The Oklahoma Restaurant Association had just finished their annual conference when the explosion occurred. Subsequently, they quickly established a 24-hour food service operation, at the Myriad Convention Center, to feed all emergency response workers. Eventually, the Myriad was established as a center which met the needs of all personnel responding to the incident. Donated clothing, food, equipment and supplies were available on a 24-hour basis. Other volunteer and donated services included over-the-counter pharmaceutical and personal hygiene items, hair care, optometric, chiropractic, and podiatric care, and massage therapy. AT&T provided free telephone calls home for the US&R Task Forces, complimented by a free mail and parcel delivery service provided by United Parcel Service. The Myriad also housed nine of the 11 US&R Task Forces.
At 4:00 p.m., CST, President Clinton announced that he had signed Emergency Declaration FEMA-3115-EM-OK. This declaration permits the federal government to provide emergency assistance to save lives, protect property, public health & safety, and to lessen or avert the threat of further damage. The signing of this declaration not only gave the federal government primary responsibility to respond to the disaster, but also authorized 100% federal financial reimbursement for all eligible response missions performed by local and state government.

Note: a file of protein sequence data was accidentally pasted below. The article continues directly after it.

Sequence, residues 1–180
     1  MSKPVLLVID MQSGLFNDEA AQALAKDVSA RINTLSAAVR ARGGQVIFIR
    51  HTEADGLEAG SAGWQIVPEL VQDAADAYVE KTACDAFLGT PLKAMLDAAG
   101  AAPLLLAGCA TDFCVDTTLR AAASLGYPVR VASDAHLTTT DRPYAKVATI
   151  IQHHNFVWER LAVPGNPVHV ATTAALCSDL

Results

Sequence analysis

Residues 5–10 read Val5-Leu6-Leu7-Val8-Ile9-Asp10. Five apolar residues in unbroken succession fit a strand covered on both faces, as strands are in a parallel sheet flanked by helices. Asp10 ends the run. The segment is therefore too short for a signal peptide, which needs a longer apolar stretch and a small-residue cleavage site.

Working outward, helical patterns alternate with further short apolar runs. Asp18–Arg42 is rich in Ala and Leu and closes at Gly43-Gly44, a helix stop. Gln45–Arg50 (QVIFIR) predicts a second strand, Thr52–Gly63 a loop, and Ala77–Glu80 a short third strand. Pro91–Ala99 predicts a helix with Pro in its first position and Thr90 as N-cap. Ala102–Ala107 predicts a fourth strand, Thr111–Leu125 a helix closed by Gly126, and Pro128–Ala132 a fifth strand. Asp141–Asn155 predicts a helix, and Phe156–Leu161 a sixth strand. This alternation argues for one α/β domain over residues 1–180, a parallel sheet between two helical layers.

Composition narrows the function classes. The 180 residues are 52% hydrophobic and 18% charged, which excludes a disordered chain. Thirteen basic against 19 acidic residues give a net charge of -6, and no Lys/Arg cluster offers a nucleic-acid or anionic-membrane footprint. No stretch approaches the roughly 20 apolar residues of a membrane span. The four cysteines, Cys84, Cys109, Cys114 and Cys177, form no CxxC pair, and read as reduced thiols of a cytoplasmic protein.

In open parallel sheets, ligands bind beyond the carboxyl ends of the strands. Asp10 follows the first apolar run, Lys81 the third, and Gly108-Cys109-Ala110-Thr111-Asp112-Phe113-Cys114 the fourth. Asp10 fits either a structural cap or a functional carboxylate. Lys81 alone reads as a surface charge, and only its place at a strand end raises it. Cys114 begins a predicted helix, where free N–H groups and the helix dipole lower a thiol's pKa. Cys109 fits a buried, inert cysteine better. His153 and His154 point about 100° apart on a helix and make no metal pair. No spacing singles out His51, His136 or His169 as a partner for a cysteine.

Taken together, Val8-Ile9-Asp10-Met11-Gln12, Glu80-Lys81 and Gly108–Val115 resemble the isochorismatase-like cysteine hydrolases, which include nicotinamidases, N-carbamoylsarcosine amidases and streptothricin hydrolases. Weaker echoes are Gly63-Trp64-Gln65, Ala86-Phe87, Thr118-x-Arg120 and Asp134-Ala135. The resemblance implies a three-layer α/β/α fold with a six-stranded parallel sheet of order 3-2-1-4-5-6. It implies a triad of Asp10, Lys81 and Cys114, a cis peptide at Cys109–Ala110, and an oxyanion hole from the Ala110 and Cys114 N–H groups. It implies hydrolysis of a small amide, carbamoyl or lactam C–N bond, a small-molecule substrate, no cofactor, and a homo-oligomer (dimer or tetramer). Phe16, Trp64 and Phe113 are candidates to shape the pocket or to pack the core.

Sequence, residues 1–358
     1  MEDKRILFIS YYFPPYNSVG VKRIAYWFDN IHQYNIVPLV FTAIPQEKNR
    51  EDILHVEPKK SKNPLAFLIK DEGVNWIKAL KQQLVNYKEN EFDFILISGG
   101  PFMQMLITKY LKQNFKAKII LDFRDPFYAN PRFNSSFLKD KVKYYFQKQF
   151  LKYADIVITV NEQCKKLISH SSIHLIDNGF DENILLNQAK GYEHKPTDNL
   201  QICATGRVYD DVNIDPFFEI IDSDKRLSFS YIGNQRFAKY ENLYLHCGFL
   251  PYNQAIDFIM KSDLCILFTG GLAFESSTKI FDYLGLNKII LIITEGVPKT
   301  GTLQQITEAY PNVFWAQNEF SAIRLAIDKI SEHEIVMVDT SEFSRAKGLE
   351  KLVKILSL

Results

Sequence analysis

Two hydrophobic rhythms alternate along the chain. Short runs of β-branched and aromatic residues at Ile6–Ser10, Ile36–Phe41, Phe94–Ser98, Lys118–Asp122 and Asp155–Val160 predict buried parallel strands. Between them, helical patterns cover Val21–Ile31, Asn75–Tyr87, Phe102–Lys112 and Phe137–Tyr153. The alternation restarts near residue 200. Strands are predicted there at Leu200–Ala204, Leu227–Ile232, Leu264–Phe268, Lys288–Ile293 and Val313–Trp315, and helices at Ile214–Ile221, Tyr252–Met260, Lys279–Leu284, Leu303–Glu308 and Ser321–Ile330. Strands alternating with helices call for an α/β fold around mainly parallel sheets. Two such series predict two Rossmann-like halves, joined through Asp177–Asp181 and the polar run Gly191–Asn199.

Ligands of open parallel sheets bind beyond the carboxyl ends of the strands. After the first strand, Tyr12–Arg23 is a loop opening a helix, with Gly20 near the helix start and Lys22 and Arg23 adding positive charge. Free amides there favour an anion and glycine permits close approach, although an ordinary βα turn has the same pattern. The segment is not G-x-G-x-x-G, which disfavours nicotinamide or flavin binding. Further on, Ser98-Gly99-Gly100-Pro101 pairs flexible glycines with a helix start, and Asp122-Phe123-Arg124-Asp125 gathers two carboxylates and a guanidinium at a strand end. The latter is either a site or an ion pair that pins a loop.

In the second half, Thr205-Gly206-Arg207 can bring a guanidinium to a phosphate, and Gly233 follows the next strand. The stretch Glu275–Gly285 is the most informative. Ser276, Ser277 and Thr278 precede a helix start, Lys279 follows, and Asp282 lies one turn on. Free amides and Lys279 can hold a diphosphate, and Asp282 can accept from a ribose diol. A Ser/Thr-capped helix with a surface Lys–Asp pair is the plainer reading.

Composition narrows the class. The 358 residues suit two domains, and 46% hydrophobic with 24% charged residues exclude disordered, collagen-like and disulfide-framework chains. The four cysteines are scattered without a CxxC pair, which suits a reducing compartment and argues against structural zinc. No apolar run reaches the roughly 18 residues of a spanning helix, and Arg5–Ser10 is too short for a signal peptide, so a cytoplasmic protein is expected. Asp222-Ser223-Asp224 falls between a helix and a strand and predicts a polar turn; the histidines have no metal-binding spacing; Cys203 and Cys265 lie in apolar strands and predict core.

The US&R Task Force from Phoenix arrived at approximately 10:45 p.m. to meet with command personnel, survey the incident structure, and to conduct a pre-work assessment of the overall situation. The Sacramento US&R Task Force arrived at 11:00 p.m.
At the site, the search and rescue mission continued for 17 days. The mountain of debris which was deposited on the north face of the Murrah Building was removed almost entirely by hand, in five-gallon buckets. This was done for three reasons: 1. The possibility that a survivor could be located and out of respect to each fatality and their families; 2. The continuing concern over the structural integrity of the building, which prevented the use of heavy equipment; and, 3. The control and analysis of each piece of debris removed for evidentiary purposes. The operation was also delayed by mother nature. During the 17-day mission, rescue workers were subjected to high winds, rain, sleet, lightening and hail on numerous occasions.
Shortly after midnight on May 5th, search and rescue operations were determined to be officially complete. It was anticipated at that time that three bodies remained in the rubble. Due to the believed location and potential safety hazards, the decision was made to leave the remaining bodies in the rubble until after the implosion of the structure. (Can you imagine making a call like that?!)